3. Firstly, Roger, a big thank you for the regular blogging that you have been doing while completing your thesis. It has been so helpful to read your blogs on the relationship between church and empire in the history of Christendom.

    I have found your insights during your blogging a helpful provocation to my own thinking and behaviour. I particularly value your recent guideline posts for a new politics. I have been praying for you from time to time and will continue to do so as you do any last minute tweeking and polishing.

    I should now like to make one comment that picks up on the issue of time and/or timing. I will not make substantive comment upon, re-state or attempt to summarise herein your earlier valuable comments on the notion of imperial time, but should like to emphasise the importance of God’s Kairos time as a backdrop to the guidelines and indeed their unpacking and application. Unfortunately, I am not sure that I can well articulate what is on my heart … However, here goes:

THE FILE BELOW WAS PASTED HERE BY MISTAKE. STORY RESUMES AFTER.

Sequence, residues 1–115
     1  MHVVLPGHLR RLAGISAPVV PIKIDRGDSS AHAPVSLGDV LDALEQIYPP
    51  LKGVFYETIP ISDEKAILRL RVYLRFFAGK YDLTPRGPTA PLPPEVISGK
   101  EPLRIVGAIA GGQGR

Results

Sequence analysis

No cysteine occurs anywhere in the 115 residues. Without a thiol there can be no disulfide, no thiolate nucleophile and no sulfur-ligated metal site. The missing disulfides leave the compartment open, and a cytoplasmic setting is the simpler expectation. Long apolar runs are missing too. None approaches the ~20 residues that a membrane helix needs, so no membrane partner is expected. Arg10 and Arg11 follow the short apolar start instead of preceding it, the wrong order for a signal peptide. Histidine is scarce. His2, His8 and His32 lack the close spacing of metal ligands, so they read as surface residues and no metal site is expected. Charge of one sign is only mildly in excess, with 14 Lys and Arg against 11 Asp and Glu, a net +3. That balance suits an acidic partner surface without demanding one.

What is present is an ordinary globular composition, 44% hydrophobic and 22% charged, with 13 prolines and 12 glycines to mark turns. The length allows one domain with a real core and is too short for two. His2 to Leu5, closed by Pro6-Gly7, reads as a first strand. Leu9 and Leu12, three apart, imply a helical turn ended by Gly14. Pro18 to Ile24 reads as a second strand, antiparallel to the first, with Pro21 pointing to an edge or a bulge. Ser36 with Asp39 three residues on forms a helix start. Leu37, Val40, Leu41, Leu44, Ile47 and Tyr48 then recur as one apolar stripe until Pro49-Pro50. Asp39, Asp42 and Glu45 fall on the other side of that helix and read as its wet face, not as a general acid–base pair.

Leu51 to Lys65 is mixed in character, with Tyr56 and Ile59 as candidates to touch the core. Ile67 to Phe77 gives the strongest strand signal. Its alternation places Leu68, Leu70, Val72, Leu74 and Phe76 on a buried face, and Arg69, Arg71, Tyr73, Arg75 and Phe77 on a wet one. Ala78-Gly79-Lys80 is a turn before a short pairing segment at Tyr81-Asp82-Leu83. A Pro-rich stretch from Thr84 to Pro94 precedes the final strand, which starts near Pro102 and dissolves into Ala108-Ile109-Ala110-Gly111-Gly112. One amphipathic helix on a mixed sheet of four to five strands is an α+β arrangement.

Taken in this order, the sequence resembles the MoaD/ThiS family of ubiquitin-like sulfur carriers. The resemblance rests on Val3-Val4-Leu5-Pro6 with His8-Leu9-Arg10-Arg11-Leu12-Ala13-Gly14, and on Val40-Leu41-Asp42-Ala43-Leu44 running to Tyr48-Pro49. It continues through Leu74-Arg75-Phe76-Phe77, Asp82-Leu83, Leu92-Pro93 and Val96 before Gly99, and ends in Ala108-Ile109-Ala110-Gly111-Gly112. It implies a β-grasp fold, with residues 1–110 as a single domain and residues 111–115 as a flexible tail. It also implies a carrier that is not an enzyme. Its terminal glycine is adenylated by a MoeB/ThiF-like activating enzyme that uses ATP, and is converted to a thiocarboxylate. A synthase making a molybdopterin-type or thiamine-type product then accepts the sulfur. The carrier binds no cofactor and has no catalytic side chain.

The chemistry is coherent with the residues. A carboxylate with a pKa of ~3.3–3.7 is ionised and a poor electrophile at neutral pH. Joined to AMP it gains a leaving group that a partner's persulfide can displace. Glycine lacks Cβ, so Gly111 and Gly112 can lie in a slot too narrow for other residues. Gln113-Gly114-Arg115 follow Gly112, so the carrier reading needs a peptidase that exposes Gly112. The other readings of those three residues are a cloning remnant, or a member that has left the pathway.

As we know Jesus only did what he saw the Father doing and only spoke the words of the Father who sent him. Jesus also recognised Father, as source, and that even He could do nothing apart from His Father. Therefore, I believe that one of the main considerations in the unpacking of your research has to be that we become specifically attentive to what God is already initiating, or will soon initiate, in each of the areas you have highlighted and as they relate to where we have been positioned by God. I think that this is probably most clearly relevant to your fourth post on confronting the powers, but has broader application. Let me talk in general terms about the broader application …